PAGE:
• April 02, 1962

    Message from the Italian Communist Party to the Cuban Leadership

    The Italian Communist Party sends a message to the Cuban government expressing their hope that the Organization of American States (OAS) will begin to see the Cuban perspective and that "the decisions of the OAS cannot suspend the Cuban truth from the American continent."

  • April 04, 1962

    Soviet Report on Cuban Proposal to Establish a Soviet Intelligence Center in Cuba

    Report on a conversation between the Cuban Minister of Internal Affairs Ramiro Valdez Menendez and the KGB representative in Havana regarding the former's trip to the Soviet Union. The discussion concerns a Cuban proposal to set up a Soviet intelligence center in the country, which the Soviets turned down.

  • April 05, 1962

    Telegram from Polish Embassy in Havana (Jeleń), 5 April 1962

    Jelen continues his report on the ORI's decision to exclude Escalante from the leadership.

  • April 14, 1962

    Telegram from Polish Embassy in Havana (Jeleń), 14 April 1962

    Jelen continues his report on the Escalante affair, with more information that there are no rifts between the members of the former Popular Socialist Party (PSP) and the members of the former "July 26th Movement." Jelen also summarizes the personnel changes within the Cuban leadership.

  • April 14, 1962

    Soviet Report on Havana's Plan to Train Latin American Partisans

    Report on a conversation between the Cuban Minister of Internal Affairs Ramiro Valdez Menendez and the KGB representative on Havana's decision to organize the training of partisan groups in other Latin American countries. For the time being the Cuban would do this by themselves without the help of the Soviet Union. Valdez said that although Havana agreed with the principle of peaceful coexistence, that did not mean that they could not help their brothers in the neighbor countries.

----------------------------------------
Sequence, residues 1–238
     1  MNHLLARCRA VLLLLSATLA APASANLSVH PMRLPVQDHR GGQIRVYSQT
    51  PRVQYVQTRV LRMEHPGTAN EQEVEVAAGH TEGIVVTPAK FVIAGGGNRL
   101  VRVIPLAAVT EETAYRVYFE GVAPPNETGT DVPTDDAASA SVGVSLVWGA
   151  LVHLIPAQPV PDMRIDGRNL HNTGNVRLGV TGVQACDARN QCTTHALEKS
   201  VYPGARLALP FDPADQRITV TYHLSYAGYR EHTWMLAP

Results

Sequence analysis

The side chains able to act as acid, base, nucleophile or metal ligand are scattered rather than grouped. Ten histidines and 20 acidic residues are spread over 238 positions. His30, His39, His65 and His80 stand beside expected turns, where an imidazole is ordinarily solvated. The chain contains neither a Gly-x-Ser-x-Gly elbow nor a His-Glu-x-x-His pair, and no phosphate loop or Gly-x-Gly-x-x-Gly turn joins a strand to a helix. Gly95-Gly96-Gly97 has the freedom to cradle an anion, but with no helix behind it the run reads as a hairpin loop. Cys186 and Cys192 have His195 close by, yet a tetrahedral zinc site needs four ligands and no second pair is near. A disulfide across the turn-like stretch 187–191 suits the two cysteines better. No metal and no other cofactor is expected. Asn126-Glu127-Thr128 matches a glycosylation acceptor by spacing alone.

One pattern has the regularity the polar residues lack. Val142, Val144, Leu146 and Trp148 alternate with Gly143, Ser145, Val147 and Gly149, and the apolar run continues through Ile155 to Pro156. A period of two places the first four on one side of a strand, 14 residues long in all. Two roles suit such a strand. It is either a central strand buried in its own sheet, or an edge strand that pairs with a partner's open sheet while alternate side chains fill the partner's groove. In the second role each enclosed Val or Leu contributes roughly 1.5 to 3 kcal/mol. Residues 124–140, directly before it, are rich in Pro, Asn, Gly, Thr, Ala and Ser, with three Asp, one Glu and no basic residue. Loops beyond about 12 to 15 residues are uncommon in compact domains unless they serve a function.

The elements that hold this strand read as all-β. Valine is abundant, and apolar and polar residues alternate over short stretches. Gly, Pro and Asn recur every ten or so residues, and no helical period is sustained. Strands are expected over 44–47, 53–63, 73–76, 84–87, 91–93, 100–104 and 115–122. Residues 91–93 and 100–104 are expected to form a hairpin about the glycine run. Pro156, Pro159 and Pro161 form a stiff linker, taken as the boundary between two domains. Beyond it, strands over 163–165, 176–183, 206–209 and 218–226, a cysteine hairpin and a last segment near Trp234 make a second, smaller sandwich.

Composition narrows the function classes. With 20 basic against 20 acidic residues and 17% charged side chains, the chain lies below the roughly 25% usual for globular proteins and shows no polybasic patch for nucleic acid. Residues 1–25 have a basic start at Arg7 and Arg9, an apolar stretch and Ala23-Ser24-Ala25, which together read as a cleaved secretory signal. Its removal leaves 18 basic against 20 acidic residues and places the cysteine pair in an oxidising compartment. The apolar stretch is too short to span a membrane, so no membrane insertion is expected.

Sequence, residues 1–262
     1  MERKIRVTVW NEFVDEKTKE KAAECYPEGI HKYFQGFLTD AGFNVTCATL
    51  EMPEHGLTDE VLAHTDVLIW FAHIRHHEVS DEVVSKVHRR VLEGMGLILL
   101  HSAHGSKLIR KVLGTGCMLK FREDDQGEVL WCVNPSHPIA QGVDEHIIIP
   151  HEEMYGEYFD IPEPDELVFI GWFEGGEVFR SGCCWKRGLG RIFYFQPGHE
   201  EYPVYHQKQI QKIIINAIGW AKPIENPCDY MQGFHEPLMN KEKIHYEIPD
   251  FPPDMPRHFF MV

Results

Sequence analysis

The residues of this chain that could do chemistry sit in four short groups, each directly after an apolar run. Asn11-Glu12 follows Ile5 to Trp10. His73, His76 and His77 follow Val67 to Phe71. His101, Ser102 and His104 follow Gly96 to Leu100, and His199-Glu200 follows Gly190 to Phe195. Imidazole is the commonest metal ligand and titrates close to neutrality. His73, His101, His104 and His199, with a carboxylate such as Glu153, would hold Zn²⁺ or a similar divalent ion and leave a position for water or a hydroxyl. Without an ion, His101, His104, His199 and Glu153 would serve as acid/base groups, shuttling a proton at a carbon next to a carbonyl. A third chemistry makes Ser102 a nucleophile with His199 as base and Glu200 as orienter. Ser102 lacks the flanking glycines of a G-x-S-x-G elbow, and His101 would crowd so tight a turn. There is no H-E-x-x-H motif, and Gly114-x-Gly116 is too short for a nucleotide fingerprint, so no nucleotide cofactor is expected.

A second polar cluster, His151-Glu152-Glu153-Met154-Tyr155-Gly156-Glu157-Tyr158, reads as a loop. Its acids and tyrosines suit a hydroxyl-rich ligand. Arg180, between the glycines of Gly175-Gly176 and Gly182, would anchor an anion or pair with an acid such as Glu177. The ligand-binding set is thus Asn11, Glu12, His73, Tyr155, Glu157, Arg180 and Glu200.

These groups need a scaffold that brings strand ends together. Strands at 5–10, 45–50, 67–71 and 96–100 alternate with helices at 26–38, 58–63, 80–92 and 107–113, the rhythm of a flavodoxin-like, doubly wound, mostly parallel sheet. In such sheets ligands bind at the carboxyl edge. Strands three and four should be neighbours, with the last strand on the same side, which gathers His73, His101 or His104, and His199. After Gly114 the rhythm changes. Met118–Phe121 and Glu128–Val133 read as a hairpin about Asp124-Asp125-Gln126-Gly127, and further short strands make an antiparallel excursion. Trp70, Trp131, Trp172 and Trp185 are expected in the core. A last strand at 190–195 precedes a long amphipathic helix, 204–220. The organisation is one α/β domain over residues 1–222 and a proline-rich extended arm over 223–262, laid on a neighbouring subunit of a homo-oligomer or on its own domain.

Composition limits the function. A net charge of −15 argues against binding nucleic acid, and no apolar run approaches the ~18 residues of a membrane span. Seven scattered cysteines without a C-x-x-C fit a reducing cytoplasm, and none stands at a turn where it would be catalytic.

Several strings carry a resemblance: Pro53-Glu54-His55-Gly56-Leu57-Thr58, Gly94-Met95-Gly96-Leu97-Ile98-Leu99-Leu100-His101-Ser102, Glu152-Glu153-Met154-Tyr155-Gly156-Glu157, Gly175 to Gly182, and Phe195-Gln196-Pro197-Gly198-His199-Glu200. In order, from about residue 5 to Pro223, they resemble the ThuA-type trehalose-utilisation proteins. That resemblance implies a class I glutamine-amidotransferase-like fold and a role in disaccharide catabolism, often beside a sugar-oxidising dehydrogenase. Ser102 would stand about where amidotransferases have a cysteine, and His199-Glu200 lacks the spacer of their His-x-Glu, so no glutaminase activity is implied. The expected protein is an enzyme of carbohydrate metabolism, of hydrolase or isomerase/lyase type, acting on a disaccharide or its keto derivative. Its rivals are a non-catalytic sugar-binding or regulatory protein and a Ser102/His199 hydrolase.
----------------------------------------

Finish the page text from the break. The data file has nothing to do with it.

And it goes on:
• May 21, 1962

    Central Committee of the Communist Party of the Soviet Union Presidium Protocol 32

    Protocol 32 gives hint to the consternation Khrushchev faced to have his plan of missiles placed in Cuba approved. It took two separate meetings and four days for the Presidium to conceded to Khrushchev's plan.

  • May 24, 1962

    Central Committee of the Communist Party of the Soviet Union Presidium Protocol No. 32 (continued)

    The Presidium decides to adopt Protocol 32.

  • May 24, 1962

    R. Malinovsky and M. Zakharov, Memorandum on Deployment of Soviet Forces to Cuba

    Zakharov and Malinovsky send to Khrushchev the Ministry of Defense’s proposal to send troops and supplies to Cuba. Zakharov and Malinovsky give further detail as to the nature of material to be sent to Cuba and a timetable for building launch pads and assembling missiles.

  • May 28, 1962